On a 3D-capable TV screen, the box will turn 2D material into 3D (working with passive or active glasses). With a standard (2D) TV screen, the kit will turn a 2D picture into an anaglyph (red-blue) 3D picture!

And the rest

Sony showed its 3D visor - the HMZ-T1 (pictured below). Reminiscent of virtual reality helmets, the company claims it is the world's first 3D compatible head mounted display. The device uses two 0.7in OLED HD displays, complete with surround sound. It can connect to a Blu-ray player or a PlayStation 3 console. On sale in Japan in November for ?60,000 (€570), Sony plans to roll out the device in the US and Europe in time for Christmas. Warning: this 3D visor is a no-go for people with prescription glasses!

Glasses are not for 3D use only. LG was demonstrating Dual Play, a new function on its Cinema 3D TV line. It allows two players wearing differently polarised glasses to engage in multiplayer games in full screen where previously players had to play on split screens (pictured below). Players 1 and 2 can see their own viewpoint on a full screen compared to the conventional approach of splitting one screen into two (side by side, top & bottom).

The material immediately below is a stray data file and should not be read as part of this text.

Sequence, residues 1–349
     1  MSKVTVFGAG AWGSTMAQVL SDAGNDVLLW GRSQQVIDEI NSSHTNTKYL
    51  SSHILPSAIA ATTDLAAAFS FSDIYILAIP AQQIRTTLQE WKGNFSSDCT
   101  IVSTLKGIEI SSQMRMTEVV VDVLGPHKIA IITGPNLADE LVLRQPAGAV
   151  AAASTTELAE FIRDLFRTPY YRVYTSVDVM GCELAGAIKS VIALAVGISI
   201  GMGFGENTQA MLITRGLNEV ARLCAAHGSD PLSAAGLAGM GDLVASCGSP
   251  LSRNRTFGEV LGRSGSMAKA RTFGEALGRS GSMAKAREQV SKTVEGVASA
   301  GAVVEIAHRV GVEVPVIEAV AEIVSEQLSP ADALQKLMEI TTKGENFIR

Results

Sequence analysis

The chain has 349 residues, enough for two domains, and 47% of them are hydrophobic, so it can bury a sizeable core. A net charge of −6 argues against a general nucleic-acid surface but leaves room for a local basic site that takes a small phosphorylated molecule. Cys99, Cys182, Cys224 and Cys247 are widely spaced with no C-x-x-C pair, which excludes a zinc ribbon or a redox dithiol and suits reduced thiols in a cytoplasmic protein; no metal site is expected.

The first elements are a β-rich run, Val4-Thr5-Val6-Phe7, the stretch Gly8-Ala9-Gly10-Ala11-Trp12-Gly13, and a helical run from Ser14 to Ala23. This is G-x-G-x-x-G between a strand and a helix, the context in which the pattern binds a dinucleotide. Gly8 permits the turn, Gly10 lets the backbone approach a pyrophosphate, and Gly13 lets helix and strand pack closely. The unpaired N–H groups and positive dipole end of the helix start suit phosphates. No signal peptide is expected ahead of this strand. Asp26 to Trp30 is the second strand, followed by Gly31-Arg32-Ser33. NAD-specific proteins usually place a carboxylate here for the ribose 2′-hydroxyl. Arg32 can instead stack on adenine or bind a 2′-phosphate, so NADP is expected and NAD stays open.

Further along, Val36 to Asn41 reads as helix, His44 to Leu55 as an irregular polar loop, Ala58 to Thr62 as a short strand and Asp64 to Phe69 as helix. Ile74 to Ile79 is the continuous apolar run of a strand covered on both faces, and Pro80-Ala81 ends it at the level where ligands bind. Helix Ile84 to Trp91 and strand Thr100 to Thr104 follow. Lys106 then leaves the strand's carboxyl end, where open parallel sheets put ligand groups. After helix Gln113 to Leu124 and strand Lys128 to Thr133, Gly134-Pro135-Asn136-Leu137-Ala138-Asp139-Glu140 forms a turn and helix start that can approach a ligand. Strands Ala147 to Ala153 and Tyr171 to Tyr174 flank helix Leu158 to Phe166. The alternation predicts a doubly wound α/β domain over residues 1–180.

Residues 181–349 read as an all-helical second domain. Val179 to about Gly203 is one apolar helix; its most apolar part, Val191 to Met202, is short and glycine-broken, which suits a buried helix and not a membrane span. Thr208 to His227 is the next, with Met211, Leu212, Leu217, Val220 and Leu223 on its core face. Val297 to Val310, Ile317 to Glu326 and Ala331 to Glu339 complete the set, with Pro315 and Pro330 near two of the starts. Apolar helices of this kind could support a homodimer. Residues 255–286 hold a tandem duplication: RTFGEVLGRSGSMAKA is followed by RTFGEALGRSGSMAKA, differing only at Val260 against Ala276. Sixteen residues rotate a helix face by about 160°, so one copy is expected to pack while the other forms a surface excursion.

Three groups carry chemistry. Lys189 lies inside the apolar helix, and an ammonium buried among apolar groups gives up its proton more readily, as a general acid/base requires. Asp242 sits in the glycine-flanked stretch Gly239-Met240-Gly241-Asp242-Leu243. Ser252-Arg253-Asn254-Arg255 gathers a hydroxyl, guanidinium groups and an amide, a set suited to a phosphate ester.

Worth noting is Sony's digital binoculars with a built-in 3D HD recorder (pictured below).

Samsung showed a single-lens digital camera that can produce 3D images

If you think that, with its 21x9 3DTV set, Philips launched the widest screen on the market, think again. Chinese company Hisense demonstrated its 21x7 3DTV (pictured below). It translates into a 27x9 screen! As to what image source might fill the screen, I can only think (with the help of Wikipedia) of the 1959 version of Ben-Hur and a few sequences of How The West was Won, shot in the Ultra Panavision format (2.93:1). But Blu-ray Discs specs do not accommodate it. Apparently, the most they could squeeze is a native 2.35:1 transfer.